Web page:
VA teaches local police to identify mental health issues in vets

Jonathan Kaupanger
January 17, 2018 - 1:21 pm
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Adults with mental illness are more likely to be victims of violence and more likely to commit a crime, according to a study by the National Institute for Mental Health.

Researchers found that 23.9% of adults with a mental illness commit a violent act and 30.9% of mentally ill adults have been victims of violence.

Odds are very high that police will come in contact with someone who has a serious mental illness, many times in the capacity of responding to criminal victimization.

This is why the mental health department of VA’s Ralph H. Johnson Medical Center (RHJMC) in Charleston, South Carolina is been training local law enforcement agencies how to recognize symptoms of Post-Traumatic Stress and other forms of mental illness, and how best to deal with these situations.

There are a lot of veterans living around the Charleston area. Nearly 10 years ago, the staff at the Medical Center was conducting the usual welfare checks on vets with the local police when someone realized that the next logical step would be to train police officers on how to identify the mental health needs of a person - specifically veterans - while in stressful situations.

Education was key to enhancing the field officer’s judgment, according to Dr. James Mcdonagh, Clinical Psychologist and Local Recovery Coordinator at RHJMC, “they have to extrapolate from the information they have to make a decision about something,” he said. “There is no official guidebook that says under these circumstances they should do X, Y, and Z.”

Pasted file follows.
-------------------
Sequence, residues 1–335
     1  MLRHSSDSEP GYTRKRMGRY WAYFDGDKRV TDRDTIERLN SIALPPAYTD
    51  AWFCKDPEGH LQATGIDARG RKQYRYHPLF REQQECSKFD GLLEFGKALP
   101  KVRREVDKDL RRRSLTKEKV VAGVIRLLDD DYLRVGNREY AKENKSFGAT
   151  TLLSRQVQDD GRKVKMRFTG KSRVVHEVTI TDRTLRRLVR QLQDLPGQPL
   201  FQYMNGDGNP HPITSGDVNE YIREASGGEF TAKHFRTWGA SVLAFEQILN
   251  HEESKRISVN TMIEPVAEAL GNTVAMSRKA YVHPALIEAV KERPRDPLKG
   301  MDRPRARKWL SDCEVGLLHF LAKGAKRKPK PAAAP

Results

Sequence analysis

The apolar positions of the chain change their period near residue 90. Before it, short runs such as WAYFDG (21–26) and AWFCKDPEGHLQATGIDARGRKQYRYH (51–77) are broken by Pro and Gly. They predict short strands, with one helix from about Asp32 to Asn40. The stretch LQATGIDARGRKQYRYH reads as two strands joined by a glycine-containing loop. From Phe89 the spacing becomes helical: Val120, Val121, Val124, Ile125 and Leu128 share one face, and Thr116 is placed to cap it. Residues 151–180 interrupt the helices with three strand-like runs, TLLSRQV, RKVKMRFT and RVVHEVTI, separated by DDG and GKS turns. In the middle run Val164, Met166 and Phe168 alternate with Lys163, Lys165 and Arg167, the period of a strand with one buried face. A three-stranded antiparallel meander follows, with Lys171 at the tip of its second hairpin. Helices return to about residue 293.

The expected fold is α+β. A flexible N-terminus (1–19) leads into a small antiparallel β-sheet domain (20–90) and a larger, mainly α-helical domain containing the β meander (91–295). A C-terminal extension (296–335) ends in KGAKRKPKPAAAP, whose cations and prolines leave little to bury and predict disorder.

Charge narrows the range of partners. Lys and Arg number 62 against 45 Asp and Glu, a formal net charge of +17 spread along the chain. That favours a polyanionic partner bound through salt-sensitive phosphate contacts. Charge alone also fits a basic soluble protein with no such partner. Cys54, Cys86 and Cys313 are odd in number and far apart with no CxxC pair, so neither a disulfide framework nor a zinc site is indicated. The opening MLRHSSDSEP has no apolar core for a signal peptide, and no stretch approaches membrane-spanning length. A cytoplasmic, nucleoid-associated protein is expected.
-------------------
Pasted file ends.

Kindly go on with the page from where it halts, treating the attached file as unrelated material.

Mcdonagh and Dr. Mark L. De Santis, the Suicide Prevention Coordinator, Licensed Clinical Psychologist and Neuropsychologist at RHJMC and also Assistant Professor at the Department of Psychiatry and Behavioral Sciences, Military Division at the Medical University of South Carolina, conduct the training and work with each agency to find out the specific needs of the local area. Last year they held 26 courses with the Charleston city police department alone to train them on specific issues associated with veterans.

The training is meant to break down the stigma of suicide and mental health – and also for being a police officer. This is done by something very simple, just sitting next to the person in need and asking questions to see if there is a lack of purpose, according to De Santis.

In one instance, an officer responded to a call and went through his training. The individual who was in need did admit that he was having issues, so it was arraigned to take him to the VA hospital.  “He turned to the police officer and told him that because of you and how you sat down and spoke to me, I actually told you the truth,” De Santis recalled.  “I was just waiting for you to leave to take my life.”

This program is funded by the VA as part of community outreach. About seventy percent of the veterans in their local area are not in VA care.  And while the number of people who die by suicide are still too high for De Santis, he said for males who are in VA care –those numbers are coming down. “I think one of the biggest messages [for veterans] is that we care.”  He continued, “We’d like to get you help as best we can, and so by us interacting with other agencies in the community we actually help them to get better care and get veterans in with us as safe as possible.”

Mcdonagh and De Santis are working on a community outreach program like this that will be pushed out to a national level.